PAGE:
While Mr. Friedman was asked to become a columnist—like recent Time hires William Kristol and Michael Kinsley—Ms. Dowd, who cut her teeth at Time in the early 80’s, would have been writing features. Both columnists didn’t return calls and e-mails seeking comment.
Mr. Stengel also reached out to Matt Labash, a senior writer at The Weekly Standard, and Ryan Lizza, senior editor at The New Republic. Mr. Stengel shouldn’t take the latter rejection too hard: Mr. Lizza also recently turned down two other venerable suitors, The Times and The Washington Post.
Slate senior editor Dahlia Lithwick, science writer Jim Holt and New Yorker staff writer Peter Boyer were also on Mr. Stengel’s wish list. Mr. Boyer, according to multiple sources, was offered a deal with Time and came very close to accepting. He couldn’t be reached for comment.
“Rick’s been talking to a lot of people since Day 1 in this job,” said a spokesperson for Mr. Stengel. “He talks to his friends who are reporters and writers.”
So Mr. Stengel’s friends happen to be among the most established journalists in the country, unlike some of the lesser-known Time staffers packing up their belongings. In the writers’ category alone at Time—which includes senior writers, staff writers and writer-reporters—five out of 18 staffers will have to go in the next two weeks.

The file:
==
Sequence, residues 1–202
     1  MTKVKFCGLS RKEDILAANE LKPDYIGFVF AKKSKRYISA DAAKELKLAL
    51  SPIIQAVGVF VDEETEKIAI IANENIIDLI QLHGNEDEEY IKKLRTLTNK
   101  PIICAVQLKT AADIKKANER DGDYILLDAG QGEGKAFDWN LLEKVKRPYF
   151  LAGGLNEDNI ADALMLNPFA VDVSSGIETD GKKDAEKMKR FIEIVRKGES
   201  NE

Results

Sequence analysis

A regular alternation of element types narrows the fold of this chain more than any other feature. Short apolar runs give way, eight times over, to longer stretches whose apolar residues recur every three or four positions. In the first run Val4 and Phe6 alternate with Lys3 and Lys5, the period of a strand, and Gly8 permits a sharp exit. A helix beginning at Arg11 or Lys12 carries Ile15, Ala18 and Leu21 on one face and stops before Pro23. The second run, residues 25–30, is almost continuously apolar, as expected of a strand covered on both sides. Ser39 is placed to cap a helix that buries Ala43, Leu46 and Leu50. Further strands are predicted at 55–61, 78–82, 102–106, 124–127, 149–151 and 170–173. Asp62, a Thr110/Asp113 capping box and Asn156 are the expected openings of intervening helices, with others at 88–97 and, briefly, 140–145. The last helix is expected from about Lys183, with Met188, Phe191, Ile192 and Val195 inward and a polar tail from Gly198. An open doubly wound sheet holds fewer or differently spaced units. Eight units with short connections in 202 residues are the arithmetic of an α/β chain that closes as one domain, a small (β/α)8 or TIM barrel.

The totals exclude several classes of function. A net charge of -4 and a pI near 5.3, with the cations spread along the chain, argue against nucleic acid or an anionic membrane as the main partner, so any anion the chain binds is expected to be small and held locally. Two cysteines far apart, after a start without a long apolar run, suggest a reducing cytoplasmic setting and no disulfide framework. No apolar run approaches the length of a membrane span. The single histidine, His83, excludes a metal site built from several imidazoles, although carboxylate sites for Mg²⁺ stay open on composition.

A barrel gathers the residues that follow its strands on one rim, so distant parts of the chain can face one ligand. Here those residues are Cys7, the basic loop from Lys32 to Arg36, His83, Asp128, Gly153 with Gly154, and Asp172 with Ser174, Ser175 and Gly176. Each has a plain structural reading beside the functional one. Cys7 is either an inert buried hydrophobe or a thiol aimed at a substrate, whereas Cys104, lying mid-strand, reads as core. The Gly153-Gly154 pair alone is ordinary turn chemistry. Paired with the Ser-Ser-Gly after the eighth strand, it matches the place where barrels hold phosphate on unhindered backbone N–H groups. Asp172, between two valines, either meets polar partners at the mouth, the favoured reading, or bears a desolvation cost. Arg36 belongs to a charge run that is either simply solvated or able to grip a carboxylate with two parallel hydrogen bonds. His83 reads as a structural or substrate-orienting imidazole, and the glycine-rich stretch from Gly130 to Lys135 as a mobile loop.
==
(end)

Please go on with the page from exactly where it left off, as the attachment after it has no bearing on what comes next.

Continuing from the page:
While the aforementioned big-name writers could help move newsstand sales, or possibly lead to a more highbrow subscriber base, there’s an obvious downside: Those on the all-star team may not be such team players.
Andrew Sullivan signed a one-year deal with Time to move his popular blog to the magazine’s Web site. He made his new home at Time.com in January 2006. He was fêted in the Upper West Side apartment of former managing editor Jim Kelly—who’s since moved upstairs to become managing editor of Time Inc. (It was well documented in The New York Times’ defunct gossip column, Boldface Names, on March 10, 2006.)
But a contract’s a contract. On Jan. 19, 2007, in a blog entry entitled “Of No Party or Clique,” Mr. Sullivan announced that he was off to The Atlantic. Mr. Sullivan—who less than two weeks earlier was featured prominently on the redesigned Time.com—concluded his post with an entreaty to his readers: “Come along, will you?”
Art Buchwald Beyond the Grave—Who’s Next to Die Online for Times Digital? Jimmy Carter, Mike Wallace—and Bill Clinton?